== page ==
How Dental Health Affects your Overall Health
A healthy smile just makes life better. A happy smile improves social interactions, communication and the ability to perform well in work and school. Those, of course, aren’t the only reasons to maintain great oral health though. The National Academy of Medicine reports that oral health is connected to good overall health and oral diseases can exacerbate health problems outside of the mouth.
Poor Oral Health and Disease
Poor oral health has been linked to several heart issues. Studies have found that oral health complications can lead to an increased risk of heart disease. People with gum disease have nearly TWICE the risk for heart disease as those with healthy gums, according to the American Academy of Periodontology. Chronic inflammation from gum disease has also been shown to raise cholesterol levels.
Gum disease also appears to be more frequent and severe in diabetics. In addition, people with gum disease have more difficulty controlling their blood sugar levels
Other Dangerous Effects of Poor Oral Health
Untreated oral diseases can lead to problems with eating, speaking, learning and productivity for children and adults. Oral problems can also lead to bad dietary choices that can damage overall health. If we can be honest with you for a second, this is a bad thing.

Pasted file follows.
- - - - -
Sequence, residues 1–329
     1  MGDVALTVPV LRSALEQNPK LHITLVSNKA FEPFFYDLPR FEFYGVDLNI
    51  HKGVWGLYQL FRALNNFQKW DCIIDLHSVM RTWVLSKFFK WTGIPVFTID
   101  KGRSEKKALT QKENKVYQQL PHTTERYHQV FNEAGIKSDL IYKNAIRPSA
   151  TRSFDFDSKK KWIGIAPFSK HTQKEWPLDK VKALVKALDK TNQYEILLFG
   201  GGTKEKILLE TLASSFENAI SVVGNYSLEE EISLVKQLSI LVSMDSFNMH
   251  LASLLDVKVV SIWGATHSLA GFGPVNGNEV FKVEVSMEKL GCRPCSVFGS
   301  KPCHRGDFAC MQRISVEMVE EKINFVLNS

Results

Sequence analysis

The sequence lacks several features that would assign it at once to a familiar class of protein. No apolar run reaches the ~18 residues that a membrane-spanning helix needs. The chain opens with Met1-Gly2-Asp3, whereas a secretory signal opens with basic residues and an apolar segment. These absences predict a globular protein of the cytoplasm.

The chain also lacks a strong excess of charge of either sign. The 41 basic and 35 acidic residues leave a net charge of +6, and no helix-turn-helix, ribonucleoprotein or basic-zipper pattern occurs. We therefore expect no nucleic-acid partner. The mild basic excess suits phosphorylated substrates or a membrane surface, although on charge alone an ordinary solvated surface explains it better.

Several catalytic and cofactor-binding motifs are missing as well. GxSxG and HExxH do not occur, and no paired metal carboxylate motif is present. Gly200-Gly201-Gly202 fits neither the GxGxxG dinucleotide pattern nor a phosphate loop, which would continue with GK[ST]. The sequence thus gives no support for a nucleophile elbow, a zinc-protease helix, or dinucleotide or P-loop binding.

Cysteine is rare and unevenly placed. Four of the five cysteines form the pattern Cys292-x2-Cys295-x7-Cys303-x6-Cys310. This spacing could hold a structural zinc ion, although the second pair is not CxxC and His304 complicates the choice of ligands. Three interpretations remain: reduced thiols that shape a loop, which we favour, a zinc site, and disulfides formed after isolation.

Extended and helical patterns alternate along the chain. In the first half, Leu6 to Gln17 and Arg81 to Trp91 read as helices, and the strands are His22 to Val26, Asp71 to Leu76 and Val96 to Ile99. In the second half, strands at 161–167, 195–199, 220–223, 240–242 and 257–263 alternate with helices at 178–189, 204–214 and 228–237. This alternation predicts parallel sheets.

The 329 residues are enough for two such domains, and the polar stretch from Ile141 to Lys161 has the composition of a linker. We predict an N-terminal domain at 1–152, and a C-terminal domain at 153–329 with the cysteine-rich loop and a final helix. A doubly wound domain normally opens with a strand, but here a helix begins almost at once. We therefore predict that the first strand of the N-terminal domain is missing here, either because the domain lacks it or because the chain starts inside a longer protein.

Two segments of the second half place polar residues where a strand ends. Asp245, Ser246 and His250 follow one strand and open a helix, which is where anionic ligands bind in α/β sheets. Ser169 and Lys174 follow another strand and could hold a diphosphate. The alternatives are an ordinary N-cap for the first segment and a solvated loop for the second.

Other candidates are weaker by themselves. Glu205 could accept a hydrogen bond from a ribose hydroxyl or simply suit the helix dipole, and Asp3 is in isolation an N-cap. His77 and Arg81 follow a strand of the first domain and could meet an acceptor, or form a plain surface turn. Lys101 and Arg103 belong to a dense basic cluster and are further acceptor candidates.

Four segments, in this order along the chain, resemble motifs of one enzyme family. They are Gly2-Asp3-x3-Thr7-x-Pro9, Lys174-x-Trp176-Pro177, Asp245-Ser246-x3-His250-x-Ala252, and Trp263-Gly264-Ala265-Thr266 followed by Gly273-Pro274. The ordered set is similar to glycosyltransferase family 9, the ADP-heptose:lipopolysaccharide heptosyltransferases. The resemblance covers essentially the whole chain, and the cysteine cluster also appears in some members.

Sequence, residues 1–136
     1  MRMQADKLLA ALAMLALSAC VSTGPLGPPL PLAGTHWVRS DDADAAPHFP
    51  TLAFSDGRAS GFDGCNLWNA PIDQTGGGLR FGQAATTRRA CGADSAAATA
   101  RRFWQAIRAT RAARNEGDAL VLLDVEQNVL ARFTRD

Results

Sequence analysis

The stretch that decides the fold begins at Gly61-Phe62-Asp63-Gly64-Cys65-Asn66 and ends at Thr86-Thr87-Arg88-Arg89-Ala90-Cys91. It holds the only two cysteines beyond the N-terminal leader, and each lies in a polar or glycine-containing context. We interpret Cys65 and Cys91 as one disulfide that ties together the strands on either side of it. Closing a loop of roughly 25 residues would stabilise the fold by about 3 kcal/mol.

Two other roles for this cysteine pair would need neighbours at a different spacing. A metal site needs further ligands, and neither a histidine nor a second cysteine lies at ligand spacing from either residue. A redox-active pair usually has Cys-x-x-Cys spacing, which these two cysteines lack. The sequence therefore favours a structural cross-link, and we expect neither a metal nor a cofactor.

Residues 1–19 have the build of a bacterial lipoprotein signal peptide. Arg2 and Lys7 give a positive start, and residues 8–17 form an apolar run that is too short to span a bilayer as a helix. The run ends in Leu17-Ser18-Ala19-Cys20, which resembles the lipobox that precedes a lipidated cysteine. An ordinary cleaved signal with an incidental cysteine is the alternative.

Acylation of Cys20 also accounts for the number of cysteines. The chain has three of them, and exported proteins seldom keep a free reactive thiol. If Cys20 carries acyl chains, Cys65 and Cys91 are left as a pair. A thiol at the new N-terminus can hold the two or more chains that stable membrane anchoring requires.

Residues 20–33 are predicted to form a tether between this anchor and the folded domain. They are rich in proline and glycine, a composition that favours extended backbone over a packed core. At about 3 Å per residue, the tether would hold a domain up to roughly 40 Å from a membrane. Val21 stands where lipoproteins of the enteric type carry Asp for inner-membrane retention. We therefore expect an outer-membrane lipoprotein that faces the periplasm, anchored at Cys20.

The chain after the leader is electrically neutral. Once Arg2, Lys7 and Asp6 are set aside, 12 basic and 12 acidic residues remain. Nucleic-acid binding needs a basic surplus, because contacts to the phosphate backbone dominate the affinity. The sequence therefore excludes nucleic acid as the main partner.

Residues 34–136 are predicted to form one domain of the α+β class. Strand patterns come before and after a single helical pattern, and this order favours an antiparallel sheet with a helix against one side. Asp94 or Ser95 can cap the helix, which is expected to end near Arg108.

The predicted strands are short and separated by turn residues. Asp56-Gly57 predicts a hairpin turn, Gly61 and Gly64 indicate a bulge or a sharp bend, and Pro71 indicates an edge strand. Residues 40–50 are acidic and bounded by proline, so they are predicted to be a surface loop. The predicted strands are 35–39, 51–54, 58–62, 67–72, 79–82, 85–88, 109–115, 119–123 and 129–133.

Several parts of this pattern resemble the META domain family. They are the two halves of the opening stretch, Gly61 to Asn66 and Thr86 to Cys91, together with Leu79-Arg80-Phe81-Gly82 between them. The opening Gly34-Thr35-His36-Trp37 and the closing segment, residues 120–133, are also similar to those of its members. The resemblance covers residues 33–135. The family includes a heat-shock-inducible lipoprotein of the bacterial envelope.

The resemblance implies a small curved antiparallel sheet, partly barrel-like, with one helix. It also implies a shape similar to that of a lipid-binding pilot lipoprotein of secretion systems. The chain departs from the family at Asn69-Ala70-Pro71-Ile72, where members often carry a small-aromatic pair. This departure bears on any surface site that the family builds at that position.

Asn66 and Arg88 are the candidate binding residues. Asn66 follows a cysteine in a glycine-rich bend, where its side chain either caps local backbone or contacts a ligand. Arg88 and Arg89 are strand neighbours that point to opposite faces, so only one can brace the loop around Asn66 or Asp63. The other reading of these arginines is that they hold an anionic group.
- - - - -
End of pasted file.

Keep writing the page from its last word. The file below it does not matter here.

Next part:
Additional issues connected to oral health include a link between premature birth and low birth weight to expectant mothers with gum disease. In addition, American children miss millions of school days and adults miss an estimated 164 million hours of work due to oral health problems each year – that’s a lot of wasted productivity. And, mostly untreated, often preventable, oral diseases send more than 2.1 million Americans to the emergency room each year. Still not convinced yet?
Enter Stage Left: Gum Disease
Gum disease appears to have a connection with many of these negative effects on overall health. And nearly half of U.S. adults have some degree of gum disease. Are you one of them?
Gum disease, along with most oral diseases, is almost entirely preventable. All it takes to prevent gum disease is to brush your teeth twice a day, floss daily and visit your dentist regularly. With an oral exam, your dentist can potentially detect signs of more than 120 diseases, including heart disease and diabetes. Early detection can make treatment easier, less costly and even lifesaving.
What are you waiting for? Schedule your annual check-up today.